I don’t know how your church does it, but where I came from, when you joined a church they had you stand at the front and after the closing prayer the members come up and welcome you with hugs, handshakes and invitations to collaborate…and by collaborate I mean sign up for a committee and participate. There is more to church than just holding down that pew or chair on Sundays, people!
In the glorious year of 1989, a freshly wed newlywed navigating my way through adulting, I joined a church and found myself on a committee…It was the bereavement division and my role would be to deliver…when needed…a meal to a family suffering loss.
The phone rang and I did like any good southern girl would do when asked to bring food…
I swung through the Kentucky Fried Chicken drive-thru and got a bucket of chicken.
I found the house and rang the doorbell.
Before I continue…let me offer you a visual.
I am wearing the same outfit I wore to my bachelorette party a month prior.
Why? Because I was ignorant.
It was all things 1989. Black pants and a black cropped, double breasted jacket with large gold buttons and braided cord accents. Think Michael Jackson goes sailing. Add in my big permed hair and ankle boots that had seen their fair share of dance floors and you’ve got the picture.
I step inside the living room and stood equipped with a bucket of chicken, yet unequipped with the proper words to offer and I said…
“I’m sorry for the loss.”
Yes “the” loss. Not…”I’m sorry to hear about your dad? mom? brother? uncle? daughter? ….no…The loss. As if they lost a job or their car was repo’d…
I placed my deep-fried condolences in the nearest hands and got the heck out of that awkward, learning opportunity.
And let me say…I still to this day don’t know who died.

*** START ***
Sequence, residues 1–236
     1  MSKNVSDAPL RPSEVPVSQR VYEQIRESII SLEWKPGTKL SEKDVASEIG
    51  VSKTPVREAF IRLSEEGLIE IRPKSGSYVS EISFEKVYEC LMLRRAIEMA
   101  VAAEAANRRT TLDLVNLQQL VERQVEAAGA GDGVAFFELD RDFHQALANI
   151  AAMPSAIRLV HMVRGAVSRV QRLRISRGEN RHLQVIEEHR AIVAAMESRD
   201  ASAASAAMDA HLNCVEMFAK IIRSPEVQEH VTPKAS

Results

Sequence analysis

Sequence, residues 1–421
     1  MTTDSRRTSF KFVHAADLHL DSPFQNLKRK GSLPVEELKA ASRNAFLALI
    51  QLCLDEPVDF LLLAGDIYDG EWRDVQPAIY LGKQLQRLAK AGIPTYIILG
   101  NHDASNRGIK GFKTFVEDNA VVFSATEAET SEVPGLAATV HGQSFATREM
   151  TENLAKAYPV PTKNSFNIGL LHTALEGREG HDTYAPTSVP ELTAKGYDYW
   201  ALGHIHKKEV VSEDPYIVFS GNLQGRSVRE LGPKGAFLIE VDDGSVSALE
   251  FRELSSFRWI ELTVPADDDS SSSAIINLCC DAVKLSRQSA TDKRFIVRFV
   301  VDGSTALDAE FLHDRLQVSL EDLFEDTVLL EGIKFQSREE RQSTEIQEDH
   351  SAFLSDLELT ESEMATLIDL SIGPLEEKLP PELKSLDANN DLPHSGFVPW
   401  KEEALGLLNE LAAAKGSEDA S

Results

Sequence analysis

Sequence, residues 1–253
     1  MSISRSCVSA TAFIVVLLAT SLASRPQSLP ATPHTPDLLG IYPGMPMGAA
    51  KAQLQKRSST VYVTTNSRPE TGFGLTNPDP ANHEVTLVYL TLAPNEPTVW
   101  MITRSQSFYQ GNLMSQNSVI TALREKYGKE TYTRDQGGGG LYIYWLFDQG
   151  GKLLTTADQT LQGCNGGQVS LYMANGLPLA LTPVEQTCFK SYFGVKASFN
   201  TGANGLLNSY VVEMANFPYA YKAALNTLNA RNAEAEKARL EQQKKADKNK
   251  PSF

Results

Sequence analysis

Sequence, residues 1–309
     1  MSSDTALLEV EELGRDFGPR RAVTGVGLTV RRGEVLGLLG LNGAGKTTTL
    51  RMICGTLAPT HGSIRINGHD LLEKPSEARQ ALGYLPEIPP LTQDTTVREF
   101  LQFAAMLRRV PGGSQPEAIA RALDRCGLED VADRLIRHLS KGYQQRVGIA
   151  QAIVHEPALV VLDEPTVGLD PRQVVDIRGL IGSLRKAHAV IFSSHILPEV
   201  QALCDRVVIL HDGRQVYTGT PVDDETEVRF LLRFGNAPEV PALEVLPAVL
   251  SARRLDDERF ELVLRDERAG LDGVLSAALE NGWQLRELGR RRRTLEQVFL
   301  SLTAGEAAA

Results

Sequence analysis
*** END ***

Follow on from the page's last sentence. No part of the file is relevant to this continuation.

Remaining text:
I just knew someone did and my job was to take food.
Grief is weird. People don’t know what to do with it. Especially if they’ve been blessed enough to not endure a loss that hits close to home.
It’s been over five months since I lost my best friend and only 2 months since I said goodbye to my stepson. The grief is still very tangible and dealing with me on new levels everyday.
There is guilt for having a good day. Anger for having to feel guilt at all. Tears that seem endless and daily. Denial that takes on a new name…known as reality…and with that reality deep, deep breaths that exhale all the pain and make you day by day stronger. And just when you feel stronger your days get better… and then….you feel a little guilty.
It’s real people.
As I’m typing this I receive a text from a friend telling me her family just lost someone young and it’s so very sad and unexpected. I get it now. My sympathy is now empathy and I hurt with them.
Sympathy says, “I’m sorry for the loss”. Empathy says, “I’m so very sorry. I get it. It’s not going to be easy. I’m here for you. Don’t hesitate to call. I’ll come running. Let’s pray. Now. We need Jesus. Oh my God. Why?”
I had some friends call me immediately and jump right in the pain with us. I had others who needed a minute to reach out and that’s okay. We don’t know what we don’t know…but when we do know…we act differently. We are seasoned in our ability to just be there and sit in it. To be okay with the awkward and the silence and the mourning and the loss. To know that words, whether finesse and eloquent, or stumbled upon and quirky are simply coming from someone willing to show up in the middle of the inevitable.
If you’ve wanted to reach out, please do. Please do not hesitate to call me and please don’t worry you will say the wrong thing. You will. And I will, too. The sweetest thing was when two of my Baton Rouge friends showed up on the scene with lunch and fruit trays and sat with us at our table and made us eat. And even if they’d both shown up with buckets of chicken and dressed like they were going to a club we’d have appreciated it…which makes me think my efforts back in 1989 were more appreciated and less judged than I’d imagined.
I truly am sorry for the loss. I am sorry for those gone too soon. I am sorry for floods that take everything. I am sorry for failed marriages and kids that didn’t grow into the adults you were hoping they would be. I am sorry your business took a hit and your life is now downsized. Anything that makes you sad or lonely or realize the brevity of life and the reality of the pain… I am sorry.
Please continue to keep Kurt in your prayers. I never imagined two months after I said I do, I’d be married to a man who daily grieves the loss of his boy. His one and only son. But I also never imagined God would think enough of me to call me to stand beside this beautiful soul and hurt with him. What an honor. Two really is better than one.